Currently, the Grand Commander is exclusive for the Chinese market. However, we have recently heard that some of the midsized seven-passenger SUVs showing up in certain Jeep dealers in the Phillipines. When asked, Jeep has yet to respond if they are now exporting the SUV to select markets.

What do you think of the updated 2022 Jeep Grand Commander? Let us know in the comments below, or in the MoparInsiders forums.

2022 Jeep® Grand Commander (K8) Image Gallery:

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Robert S. Miller

Robert S. Miller is a diehard Mopar enthusiast who lives and breathes all that is Mopar. The Michigander is not only a Co-Editor for MoparInsiders.com, 5thGenRams.com, and HDRams.com but an automotive photographer. He is an avid fan of offshore powerboat racing, which he travels the country to take part in.

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I like this a lot, shame the interior didn't get all of the new tech though.

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What confuses me is why, if not a spin-off of this three row Cherokee based Jeep in the US market (as a reskinned Chrysler my choice) then why is the technology in the “e” version not being adopted here? In particular, the transmission seems to be a step forward and it is exclusive to Asia. Both Brazil and China seem to be on a fast track to engineering and technology innovation and applications, and in our market we are going at a snails pace in comparison. Why, for example, is this drivetrain technology not used in the Pacifica? I might be in the weeds here, but I remain confused as to why a three row Cherokee or some Chrysler derivative of such, is not built right along side the Cherokee in it’s under utilized factory? Just seems like a missed opportunity and a waste of development time, talent and treasure on vehicles that are leap frogging the primary US market. Confusing.

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No ROI, Bill...... You seems to think Development is more expensive as a ratio then the total implementation. If NA customers don't support the volume and margin. The high cost of implementation and certification cannot be recovered through net margins.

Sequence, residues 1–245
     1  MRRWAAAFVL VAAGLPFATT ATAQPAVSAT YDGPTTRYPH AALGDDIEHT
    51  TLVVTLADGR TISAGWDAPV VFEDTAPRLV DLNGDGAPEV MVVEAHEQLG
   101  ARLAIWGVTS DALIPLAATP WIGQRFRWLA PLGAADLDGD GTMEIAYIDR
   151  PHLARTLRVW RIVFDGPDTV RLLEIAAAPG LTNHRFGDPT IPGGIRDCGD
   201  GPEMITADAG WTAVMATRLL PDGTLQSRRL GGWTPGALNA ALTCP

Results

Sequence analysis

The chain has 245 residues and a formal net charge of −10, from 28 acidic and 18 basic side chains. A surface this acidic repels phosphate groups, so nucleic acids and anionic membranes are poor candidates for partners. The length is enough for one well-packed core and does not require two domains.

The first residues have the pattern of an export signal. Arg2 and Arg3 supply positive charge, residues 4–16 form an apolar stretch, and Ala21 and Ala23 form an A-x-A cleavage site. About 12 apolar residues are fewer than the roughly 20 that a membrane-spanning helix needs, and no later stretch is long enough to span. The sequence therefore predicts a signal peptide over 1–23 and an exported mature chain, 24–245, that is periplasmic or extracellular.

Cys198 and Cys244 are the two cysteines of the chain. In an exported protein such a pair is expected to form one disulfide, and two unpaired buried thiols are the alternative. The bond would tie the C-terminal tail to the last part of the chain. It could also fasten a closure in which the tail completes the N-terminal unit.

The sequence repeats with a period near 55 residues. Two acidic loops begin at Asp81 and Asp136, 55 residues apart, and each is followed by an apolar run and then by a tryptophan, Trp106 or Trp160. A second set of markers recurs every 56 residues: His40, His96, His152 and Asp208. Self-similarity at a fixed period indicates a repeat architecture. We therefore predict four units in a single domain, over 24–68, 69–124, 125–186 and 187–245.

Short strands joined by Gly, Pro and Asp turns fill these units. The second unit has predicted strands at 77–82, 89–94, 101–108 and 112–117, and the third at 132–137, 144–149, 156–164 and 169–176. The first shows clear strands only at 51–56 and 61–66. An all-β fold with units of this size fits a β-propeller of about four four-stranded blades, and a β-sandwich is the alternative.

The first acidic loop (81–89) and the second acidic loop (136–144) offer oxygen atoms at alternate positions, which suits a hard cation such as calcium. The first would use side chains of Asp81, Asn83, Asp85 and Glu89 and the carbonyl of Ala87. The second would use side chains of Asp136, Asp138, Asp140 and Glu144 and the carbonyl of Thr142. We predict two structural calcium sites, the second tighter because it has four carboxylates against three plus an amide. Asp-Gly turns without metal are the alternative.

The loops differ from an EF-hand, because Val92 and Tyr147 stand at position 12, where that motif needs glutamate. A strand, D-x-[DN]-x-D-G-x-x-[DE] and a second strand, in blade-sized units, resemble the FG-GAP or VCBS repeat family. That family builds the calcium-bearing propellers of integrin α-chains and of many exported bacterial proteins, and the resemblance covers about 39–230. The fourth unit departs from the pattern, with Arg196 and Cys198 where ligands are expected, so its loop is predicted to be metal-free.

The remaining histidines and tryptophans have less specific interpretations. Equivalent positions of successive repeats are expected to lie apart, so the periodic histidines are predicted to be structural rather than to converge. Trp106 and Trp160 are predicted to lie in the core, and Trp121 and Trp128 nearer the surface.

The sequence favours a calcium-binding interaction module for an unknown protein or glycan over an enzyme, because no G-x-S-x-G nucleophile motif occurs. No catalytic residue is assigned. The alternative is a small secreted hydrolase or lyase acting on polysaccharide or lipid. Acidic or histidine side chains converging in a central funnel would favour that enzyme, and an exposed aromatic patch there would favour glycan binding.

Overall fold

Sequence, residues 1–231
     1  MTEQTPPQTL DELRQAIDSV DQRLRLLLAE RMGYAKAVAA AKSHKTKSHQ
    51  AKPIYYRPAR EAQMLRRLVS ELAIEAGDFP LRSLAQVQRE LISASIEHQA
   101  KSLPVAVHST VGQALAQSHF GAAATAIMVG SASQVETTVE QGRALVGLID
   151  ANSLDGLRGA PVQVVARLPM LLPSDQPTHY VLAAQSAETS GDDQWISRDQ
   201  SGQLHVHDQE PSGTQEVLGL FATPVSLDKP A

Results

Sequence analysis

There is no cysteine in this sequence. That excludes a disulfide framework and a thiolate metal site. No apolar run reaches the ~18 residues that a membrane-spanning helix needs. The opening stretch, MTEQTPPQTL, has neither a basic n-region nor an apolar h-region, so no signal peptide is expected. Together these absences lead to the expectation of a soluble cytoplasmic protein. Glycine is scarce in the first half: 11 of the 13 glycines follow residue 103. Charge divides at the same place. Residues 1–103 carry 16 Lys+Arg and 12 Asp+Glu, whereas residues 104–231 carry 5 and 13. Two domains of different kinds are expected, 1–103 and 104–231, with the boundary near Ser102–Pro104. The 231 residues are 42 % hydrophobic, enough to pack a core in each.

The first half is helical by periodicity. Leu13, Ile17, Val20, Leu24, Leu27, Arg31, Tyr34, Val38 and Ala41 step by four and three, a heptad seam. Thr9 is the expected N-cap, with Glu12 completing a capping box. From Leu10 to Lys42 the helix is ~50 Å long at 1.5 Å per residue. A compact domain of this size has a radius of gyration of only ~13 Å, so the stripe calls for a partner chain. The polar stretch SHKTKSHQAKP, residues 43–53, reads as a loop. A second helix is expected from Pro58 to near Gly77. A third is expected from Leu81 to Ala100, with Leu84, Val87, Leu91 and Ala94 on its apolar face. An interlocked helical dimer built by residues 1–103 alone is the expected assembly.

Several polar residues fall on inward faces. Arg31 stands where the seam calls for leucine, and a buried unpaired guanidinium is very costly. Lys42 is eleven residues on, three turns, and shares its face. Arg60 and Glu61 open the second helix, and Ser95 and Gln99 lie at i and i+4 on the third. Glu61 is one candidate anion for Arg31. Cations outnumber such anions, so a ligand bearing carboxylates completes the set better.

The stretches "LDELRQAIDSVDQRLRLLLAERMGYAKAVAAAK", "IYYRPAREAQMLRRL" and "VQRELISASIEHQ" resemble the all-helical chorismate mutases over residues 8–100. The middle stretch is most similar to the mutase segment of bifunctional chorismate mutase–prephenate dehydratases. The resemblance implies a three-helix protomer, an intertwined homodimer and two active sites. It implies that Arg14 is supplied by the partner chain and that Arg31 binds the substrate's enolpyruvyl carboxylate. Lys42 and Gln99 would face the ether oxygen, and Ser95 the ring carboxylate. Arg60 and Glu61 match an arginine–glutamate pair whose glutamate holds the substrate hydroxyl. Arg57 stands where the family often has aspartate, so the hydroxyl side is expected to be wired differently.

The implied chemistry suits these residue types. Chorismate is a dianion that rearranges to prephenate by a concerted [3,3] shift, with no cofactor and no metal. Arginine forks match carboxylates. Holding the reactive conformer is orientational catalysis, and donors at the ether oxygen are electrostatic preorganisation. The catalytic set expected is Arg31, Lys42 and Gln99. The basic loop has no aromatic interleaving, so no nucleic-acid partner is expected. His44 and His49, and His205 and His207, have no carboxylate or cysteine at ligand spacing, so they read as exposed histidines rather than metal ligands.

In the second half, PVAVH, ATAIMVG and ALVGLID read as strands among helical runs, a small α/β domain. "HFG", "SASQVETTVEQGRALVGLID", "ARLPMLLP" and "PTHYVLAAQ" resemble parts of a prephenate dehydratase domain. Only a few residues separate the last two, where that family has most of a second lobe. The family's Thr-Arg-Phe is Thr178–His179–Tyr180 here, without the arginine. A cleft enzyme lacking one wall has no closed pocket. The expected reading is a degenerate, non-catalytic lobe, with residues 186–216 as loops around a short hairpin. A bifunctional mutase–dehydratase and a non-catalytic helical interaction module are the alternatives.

The Chrysler version was fully developed and designed, and ROI never justified the implementation cost.

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Why, for example, is this drivetrain technology not used in the Pacifica?

It has been for a while. In the Pacifica it is called the eFlite. I had a chance to drive a Pacifica hybrid and it's pretty amazing.

From press materials released in November 2016:

eFlite electrically variable transmission (EVT)
The pivotal technology behind the all-new Chrysler Pacifica Hybrid is its innovative eFlite EVT. Designed by FCA US, the device features two electric motors – both of which are capable of driving the vehicle’s wheels.

Conventional electrification schemes dedicate one motor to serve as a generator and a second motor – usually much larger – to deliver torque to the wheels. But the all-new 2017 Chrysler Pacifica Hybrid uses a one-way clutch that allows the motor typically used only as a generator to deliver torque to the wheels, depending on driving conditions. The result is increased efficiency, refinement and improved component packaging.

The blended plug-in hybrid design offers a seamless driving experience for the customer, whether in electric or hybrid mode for typical city and highway driving. Under normal driving conditions, the top speed in all-electric mode is approximately 75 miles per hour (mph).

When the battery’s energy is depleted to a certain threshold, the Pacifica Hybrid becomes a part-time electric vehicle, like a conventional hybrid, to maximize energy and efficiency. Power to the wheels is supplied by the electric drive system or supplemented by a specially adapted new version of the award-winning FCA US Pentastar 3.6-liter V-6 engine.

Source for quote: Stellantis Media - Press Kit: 2017 Chrysler Pacifica Hybrid:All-new 2017 Chrysler Pacifica Hybrid Is First Electrified Minivan, Expands Segment Leadership for FCA US

Since I'm talking about the eFlite hybrid transmission I will let everybody in on a dirty little secret that goes way back to Highland Park and then moved to Auburn Hills. Whenever a new hybrid powertrain comes out, Toyota's lawyers and engineers huddle together to see which, if any of their patents have been poached. The Toyota and Chrysler hybrids look very similar and the companies went to court, because Toyota smelled blood. It turns out the Chrysler hybrid transmission is based on expired TRW patents. TRW had developed such a hybrid setup out of a quest for greater energy efficiency, inspired by the concerns arising out of the Suez Crisis. This happened while Ike was in the White House. A few decades later, Chrysler was working on hybrids in the 1980s, including a system based off the then recently expired TRW patents. Chrysler engineers filed some of their own patents as a result of their R&D. Remember this is at Highland Park in the 1980s, batteries hadn't changed much since the Fifties and computers were relatively expensive.

Toyota sues Chrysler and in court Chrysler whips out hybrid patents a decade older than anything Toyota had. With that revelation, Chrysler revealed the TRW origin of the technology from decades earlier. This was embarrassing to the Japanese automaker which had made claims they invented the hybrid setup. I'm pretty sure the Chinese didn't invent it either.